University of Helsinki, Helsinki 2006
The Soviet Union, Finland and the Cold War
The Finnish Card in Soviet Foreign Policy, 1956-1959
Doctoral dissertation, June 2006.
From the Soviet point of view the actual substance of Soviet-Finnish relations in the second half of 1950s clearly differed from the contemporary and later public image, based on friendship and confidence rhetoric.
As the polarization between the right and the left became more underlined in Finland in the latter half of the 1950s, the criticism towards the Soviet Union became stronger, and the USSR feared that this development would have influence on Finnish foreign policy. From the Soviet point of view, the security commitments of FCMA-treaty needed additional guarantees through control of Finnish domestic politics and economic relations, especially during international crises.
In relation to Scandinavia, Finland was, from the Soviet point of view, the model country of friendship or neutrality policy. The influence of the Second Berlin Crisis or the Soviet-Finnish Night Frost Crisis in 1958-1959 to Soviet policy towards Scandinavia needs to be observed from this point of view. The Soviet Union used Finland as a tool, in agreement with Finnish highest political leadership, for weakening of the NATO membership of Norway and Denmark, and for maintaining Swedish non-alliance. The Finnish interest to EFTA membership in the summer of 1959, at the same time with the Scandinavian countries, seems to have caused a panic reaction in the USSR, as the Soviets feared that these economic arrangements would reverse the political advantages the country had received in Finland after the Night Frost Crisis.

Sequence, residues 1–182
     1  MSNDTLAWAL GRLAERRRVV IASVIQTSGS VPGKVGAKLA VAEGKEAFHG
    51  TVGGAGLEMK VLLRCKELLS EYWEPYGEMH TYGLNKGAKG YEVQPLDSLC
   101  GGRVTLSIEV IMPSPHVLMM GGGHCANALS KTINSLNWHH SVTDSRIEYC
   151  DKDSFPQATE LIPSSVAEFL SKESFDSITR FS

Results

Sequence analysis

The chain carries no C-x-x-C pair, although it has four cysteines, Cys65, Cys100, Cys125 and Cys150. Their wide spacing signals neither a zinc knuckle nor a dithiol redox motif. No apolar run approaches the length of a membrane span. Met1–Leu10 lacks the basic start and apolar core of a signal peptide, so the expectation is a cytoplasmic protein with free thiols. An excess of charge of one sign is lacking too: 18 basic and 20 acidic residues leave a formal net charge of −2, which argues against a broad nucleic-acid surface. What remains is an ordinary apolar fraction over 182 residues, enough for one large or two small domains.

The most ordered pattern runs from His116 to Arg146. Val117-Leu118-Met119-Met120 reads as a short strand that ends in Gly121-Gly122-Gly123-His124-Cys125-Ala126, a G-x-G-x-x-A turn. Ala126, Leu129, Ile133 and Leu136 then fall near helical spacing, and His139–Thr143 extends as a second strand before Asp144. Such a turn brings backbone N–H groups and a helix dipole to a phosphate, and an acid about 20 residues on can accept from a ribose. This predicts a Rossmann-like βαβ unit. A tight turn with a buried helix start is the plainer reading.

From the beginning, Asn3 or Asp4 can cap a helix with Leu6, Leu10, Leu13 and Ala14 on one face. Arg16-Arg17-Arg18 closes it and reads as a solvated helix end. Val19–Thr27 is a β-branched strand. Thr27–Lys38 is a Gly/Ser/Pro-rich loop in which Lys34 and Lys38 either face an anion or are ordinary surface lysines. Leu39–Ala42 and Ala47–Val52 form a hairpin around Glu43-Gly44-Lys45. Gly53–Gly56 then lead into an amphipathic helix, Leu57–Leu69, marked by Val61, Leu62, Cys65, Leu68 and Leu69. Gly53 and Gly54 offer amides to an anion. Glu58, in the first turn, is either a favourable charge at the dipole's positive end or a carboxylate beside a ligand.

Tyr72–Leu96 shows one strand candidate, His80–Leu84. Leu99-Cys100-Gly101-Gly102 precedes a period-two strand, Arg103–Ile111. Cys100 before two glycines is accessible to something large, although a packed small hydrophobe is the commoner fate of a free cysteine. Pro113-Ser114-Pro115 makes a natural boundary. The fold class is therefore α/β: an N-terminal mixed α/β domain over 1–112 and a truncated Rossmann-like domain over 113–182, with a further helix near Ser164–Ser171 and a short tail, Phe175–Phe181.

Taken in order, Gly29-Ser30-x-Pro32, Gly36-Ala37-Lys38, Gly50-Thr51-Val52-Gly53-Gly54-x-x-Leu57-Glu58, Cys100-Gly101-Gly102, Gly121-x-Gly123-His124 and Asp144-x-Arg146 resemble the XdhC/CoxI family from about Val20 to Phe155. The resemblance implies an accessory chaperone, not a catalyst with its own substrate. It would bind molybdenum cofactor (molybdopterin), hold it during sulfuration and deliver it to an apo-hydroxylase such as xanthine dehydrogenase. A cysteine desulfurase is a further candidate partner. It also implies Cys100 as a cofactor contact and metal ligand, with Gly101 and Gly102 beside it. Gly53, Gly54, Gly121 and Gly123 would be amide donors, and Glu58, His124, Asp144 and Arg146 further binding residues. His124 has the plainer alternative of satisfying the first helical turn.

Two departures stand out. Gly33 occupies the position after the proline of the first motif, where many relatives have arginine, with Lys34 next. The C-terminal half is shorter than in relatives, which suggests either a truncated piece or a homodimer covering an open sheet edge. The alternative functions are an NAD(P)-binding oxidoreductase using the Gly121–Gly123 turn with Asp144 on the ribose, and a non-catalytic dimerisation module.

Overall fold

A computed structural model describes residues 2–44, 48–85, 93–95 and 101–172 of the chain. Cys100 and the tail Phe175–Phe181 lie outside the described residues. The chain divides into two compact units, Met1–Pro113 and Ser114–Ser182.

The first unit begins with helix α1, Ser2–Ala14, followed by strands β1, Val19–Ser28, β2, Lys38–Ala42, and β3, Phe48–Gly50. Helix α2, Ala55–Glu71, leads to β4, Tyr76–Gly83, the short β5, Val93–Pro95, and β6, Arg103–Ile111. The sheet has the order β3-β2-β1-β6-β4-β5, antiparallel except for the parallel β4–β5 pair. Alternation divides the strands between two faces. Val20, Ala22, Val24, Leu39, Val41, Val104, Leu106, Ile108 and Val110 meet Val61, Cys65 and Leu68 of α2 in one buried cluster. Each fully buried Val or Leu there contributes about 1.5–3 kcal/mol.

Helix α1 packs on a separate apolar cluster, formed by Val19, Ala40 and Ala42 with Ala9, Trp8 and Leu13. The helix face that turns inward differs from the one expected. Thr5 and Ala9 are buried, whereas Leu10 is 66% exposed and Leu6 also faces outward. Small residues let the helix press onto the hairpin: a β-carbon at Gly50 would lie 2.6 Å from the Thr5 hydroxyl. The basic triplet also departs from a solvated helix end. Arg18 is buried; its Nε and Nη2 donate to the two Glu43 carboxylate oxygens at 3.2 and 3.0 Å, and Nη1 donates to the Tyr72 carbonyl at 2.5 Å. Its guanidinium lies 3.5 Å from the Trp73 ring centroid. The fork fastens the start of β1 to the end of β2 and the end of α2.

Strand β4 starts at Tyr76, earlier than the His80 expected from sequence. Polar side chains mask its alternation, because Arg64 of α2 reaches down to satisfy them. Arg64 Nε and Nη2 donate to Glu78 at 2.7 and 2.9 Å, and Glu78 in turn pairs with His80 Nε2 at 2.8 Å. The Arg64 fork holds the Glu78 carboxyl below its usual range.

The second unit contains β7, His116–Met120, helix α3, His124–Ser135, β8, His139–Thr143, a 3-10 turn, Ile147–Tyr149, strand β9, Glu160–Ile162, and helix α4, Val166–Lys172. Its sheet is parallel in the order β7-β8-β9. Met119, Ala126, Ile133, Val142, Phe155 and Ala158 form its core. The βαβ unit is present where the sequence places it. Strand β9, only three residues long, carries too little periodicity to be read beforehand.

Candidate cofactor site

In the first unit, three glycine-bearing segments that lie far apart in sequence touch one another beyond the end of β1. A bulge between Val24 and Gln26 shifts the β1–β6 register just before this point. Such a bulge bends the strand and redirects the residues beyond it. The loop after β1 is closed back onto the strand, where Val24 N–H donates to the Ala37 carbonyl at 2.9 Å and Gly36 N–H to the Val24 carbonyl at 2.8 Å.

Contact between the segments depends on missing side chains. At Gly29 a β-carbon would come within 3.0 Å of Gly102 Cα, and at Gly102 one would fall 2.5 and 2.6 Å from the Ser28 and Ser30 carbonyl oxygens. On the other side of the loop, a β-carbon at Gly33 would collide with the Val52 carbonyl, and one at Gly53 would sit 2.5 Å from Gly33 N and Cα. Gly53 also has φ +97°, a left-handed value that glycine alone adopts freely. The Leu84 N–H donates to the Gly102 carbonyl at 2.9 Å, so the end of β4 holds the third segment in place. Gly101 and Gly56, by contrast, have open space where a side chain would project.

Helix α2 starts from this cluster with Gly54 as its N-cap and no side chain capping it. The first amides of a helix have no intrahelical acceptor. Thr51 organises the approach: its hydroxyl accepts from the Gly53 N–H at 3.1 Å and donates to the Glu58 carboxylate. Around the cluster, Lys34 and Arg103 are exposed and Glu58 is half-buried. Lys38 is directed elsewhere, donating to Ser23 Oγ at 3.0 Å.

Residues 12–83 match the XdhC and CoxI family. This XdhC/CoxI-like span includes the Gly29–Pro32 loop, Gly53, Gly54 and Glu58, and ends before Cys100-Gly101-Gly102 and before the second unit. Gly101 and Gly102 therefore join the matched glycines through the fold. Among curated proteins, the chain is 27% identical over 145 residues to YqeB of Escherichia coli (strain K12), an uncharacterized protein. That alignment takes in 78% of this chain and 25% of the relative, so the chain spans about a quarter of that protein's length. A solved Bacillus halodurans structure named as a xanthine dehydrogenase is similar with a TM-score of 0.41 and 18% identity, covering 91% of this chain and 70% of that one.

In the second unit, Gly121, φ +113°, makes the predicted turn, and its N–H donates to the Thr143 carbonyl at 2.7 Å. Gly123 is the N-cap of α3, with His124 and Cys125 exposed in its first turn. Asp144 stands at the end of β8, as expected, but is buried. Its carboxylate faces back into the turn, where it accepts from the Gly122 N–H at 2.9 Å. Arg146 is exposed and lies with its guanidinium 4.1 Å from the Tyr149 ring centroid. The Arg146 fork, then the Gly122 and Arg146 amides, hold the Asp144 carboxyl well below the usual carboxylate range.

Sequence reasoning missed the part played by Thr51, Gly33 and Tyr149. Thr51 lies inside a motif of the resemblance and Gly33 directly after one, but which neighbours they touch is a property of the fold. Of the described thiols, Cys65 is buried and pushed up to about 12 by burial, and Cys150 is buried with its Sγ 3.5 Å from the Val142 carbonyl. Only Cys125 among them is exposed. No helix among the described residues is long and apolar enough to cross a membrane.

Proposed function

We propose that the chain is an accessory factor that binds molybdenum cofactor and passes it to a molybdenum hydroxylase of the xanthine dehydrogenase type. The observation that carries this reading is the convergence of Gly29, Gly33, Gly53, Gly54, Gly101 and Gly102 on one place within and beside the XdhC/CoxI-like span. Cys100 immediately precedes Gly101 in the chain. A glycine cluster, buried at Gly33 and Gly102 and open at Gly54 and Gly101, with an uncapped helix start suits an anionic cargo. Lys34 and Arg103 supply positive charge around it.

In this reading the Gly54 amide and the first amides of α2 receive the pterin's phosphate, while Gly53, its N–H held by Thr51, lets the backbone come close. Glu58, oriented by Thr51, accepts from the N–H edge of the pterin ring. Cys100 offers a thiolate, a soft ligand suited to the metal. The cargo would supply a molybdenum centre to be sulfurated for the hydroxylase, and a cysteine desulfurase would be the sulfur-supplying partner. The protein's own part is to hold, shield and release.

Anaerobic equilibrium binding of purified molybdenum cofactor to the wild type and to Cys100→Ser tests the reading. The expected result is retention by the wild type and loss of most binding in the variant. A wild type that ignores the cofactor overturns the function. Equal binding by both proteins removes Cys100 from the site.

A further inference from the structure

Together with history of events, this study observes the interaction of practical interests and ideologies, both in individuals and in decision-making organizations. The necessary social and ideological reforms in the Soviet Union after 1956 had influence both on the legitimacy of the regime, and led to contradictions in the argumentation of Soviet foreign policy. This was observed both in the own camp as well as in the West.
Also, in Finland a breakthrough took place in the late 1950's: as the so-called counter reaction lost to the K-line, "a special relationship" developed with the Soviet Union. As a consequence of the Night Frost Crisis the Soviet relationship became a factor decisively defining the limits of domestic politics in Finland, a part of Finnish domestic political argumentation. Understood from this basis, finlandization is not, even from the viewpoint of international relations, a special case, but a domestic political culture formed by the relationship between a dominant state, a superpower, and a subordinate state, Finland.
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Last updated 10.05.2006